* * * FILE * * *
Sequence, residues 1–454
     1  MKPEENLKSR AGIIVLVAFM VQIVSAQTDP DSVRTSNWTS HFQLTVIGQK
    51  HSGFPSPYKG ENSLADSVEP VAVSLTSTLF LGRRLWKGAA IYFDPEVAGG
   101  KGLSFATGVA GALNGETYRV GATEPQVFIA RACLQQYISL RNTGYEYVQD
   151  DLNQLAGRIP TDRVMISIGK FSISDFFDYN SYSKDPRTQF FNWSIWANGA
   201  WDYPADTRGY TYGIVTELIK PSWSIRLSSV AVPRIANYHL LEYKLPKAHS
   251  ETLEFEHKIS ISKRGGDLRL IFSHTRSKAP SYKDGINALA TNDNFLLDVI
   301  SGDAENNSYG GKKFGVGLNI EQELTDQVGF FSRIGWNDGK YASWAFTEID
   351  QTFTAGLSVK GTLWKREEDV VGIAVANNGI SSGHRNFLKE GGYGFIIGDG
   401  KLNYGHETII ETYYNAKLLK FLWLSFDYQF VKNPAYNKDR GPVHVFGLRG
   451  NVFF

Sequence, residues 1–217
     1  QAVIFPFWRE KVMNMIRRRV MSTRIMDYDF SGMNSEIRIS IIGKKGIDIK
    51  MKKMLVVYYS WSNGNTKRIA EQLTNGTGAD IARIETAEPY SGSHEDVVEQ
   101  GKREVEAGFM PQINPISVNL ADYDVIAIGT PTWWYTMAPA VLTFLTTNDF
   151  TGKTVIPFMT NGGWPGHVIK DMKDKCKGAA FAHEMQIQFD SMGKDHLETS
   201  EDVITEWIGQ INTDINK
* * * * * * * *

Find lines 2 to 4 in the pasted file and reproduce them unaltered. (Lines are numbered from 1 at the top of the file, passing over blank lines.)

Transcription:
     1  MKPEENLKSR AGIIVLVAFM VQIVSAQTDP DSVRTSNWTS HFQLTVIGQK
    51  HSGFPSPYKG ENSLADSVEP VAVSLTSTLF LGRRLWKGAA IYFDPEVAGG
   101  KGLSFATGVA GALNGETYRV GATEPQVFIA RACLQQYISL RNTGYEYVQD